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Children's and Youth Literature

This guide provides literature resources for all ages of TWU Library patrons.

Youth Book Categories / Terms

  • Board: Board books are constructed of sturdy cardboard, called paperboard, to withstand the physical demands of young readers.
  • Oversized: Oversized or big books are specially compiled large-format books printed on coated, durable paper. These books generally range from 11 inches (28cm) to 18 inches (45 cm) on the longest edge.
  • Pop-Up: A Pop-up book has pages that rise when opened to simulate a three-dimensional form. 
  • Hardcover:  Hardcover books are constructed from cardboard that is wrapped in paper, leather, or similarly durable material to protect them for long-term use. The pages are bound together by a process known as thread sewing.
  • Paperback: Paperback books are made from paper or thin cardboard with pages glued into a binding. These books are usually mass-produced. 
  • eBook: This term refers to a book composed in or converted to digital format for display on a computer screen or handheld device.
  • Audiobook: This term refers to recording a book or other work read aloud. 
  • Board books:  These books are primarily used by age the age groups of infancy through Preschool. These books represent an introduction to books and reading. These titles are printed on durable material to protect the book from active use and prevent a possible choking hazard. 
  • Picture books: These titles are usually 24-36 pages in length and significant in physical size; these combine words and pictures for nonreaders or early and beginning readers. Some have no words at all, and the child must "read" the images to understand the story.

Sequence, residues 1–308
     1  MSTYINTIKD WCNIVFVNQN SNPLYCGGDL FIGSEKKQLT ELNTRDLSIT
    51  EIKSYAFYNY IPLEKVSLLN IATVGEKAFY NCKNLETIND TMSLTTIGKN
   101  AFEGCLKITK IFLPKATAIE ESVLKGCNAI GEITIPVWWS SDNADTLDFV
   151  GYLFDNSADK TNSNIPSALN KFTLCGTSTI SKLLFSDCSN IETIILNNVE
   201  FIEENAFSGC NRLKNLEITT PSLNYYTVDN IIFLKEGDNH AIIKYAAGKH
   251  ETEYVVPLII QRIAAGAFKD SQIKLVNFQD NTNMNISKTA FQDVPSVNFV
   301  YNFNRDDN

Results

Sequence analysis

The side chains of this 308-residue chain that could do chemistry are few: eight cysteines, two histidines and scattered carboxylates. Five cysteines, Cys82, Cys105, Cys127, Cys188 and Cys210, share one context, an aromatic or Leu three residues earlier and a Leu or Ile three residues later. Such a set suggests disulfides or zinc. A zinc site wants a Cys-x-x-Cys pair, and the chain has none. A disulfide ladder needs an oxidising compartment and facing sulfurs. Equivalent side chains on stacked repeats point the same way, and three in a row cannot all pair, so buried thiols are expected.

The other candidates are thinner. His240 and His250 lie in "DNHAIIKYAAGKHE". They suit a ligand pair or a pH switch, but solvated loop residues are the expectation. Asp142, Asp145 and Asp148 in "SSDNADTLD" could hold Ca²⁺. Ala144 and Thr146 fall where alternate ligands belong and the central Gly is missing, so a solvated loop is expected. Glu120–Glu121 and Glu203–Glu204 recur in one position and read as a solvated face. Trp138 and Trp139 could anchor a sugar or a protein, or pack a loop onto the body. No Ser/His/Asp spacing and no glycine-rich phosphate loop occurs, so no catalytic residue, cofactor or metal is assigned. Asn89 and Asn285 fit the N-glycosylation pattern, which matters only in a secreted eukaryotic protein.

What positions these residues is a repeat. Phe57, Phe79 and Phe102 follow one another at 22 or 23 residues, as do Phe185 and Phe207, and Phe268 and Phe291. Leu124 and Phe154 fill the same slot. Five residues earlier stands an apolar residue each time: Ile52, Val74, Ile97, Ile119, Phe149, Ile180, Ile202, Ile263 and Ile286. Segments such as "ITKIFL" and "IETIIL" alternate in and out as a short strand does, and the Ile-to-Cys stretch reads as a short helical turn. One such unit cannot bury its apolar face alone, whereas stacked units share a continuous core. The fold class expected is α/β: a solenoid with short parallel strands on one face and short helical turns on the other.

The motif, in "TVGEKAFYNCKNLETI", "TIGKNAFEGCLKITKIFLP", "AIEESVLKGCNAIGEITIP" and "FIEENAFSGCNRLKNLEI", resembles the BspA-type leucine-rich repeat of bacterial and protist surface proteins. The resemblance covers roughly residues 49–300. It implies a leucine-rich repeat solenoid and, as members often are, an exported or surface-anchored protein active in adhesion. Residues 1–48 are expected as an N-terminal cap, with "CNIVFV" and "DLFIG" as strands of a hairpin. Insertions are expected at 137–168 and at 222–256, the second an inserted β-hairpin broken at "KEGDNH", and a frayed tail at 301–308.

• Early Readers: This type of book is often used in grade 1-3 classrooms, these are often approximately 6" x 9" in size, have more words and have fewer pictures than an actual picture book. Sometimes referred to as leveled readers, they may have brief chapters.
  • Chapter Books: This is the common term for fiction aimed at grade 4-6 range, they have chapters, and the number of illustrations decreases as the reading level increases.
  • Young Adult: This is a book targeted to audiences 12 years and older. 
  • New Adult: This is a genre that is considered to fall somewhere between young adult and adult fiction, a literary genre that features protagonists in the 18–30 age bracket. The primary indicator of whether or not a novel is a new adult is the protagonist's age; if the main character is in their early 20s, it's likely a new adult novel.
  • Graphic Novel: This is a story told in a comic book format, for any age, and not limited to fiction anymore. 

Note: the ages/audiences listed here are only general recommendations. Many older children still like reading board books from when they were smaller.

Fiction: Something invented by the imagination; an invented story.
Non-fiction: Writing that is about facts and real events.

Examples of Literary Genres

  • Action and Adventure
  • Biographies and Autobiographies
  • Classic
  • Comic Book or Graphic Novel
  • Cookbooks
  • Dystopian
  • Essays
  • Fantasy
  • Historical Fiction
  • Horror
  • Humor
  • Literary Fiction
  • Memoir
  • Multicultural
  • Mystery 
  • Poetry
  • Romance
  • Science Fiction (Sci-Fi)
  • Self-Help
  • Short Stories
  • Suspense and Thrillers
  • True Crime
  • Western
  • Women's Fiction

Note: It's not always easy. In recent years authors have been blurring the boundaries between some of these genres. For example, Harry Potter, by J. K. Rowling, combines action and adventure, mystery, crime, sci-fi, and fantasy genres.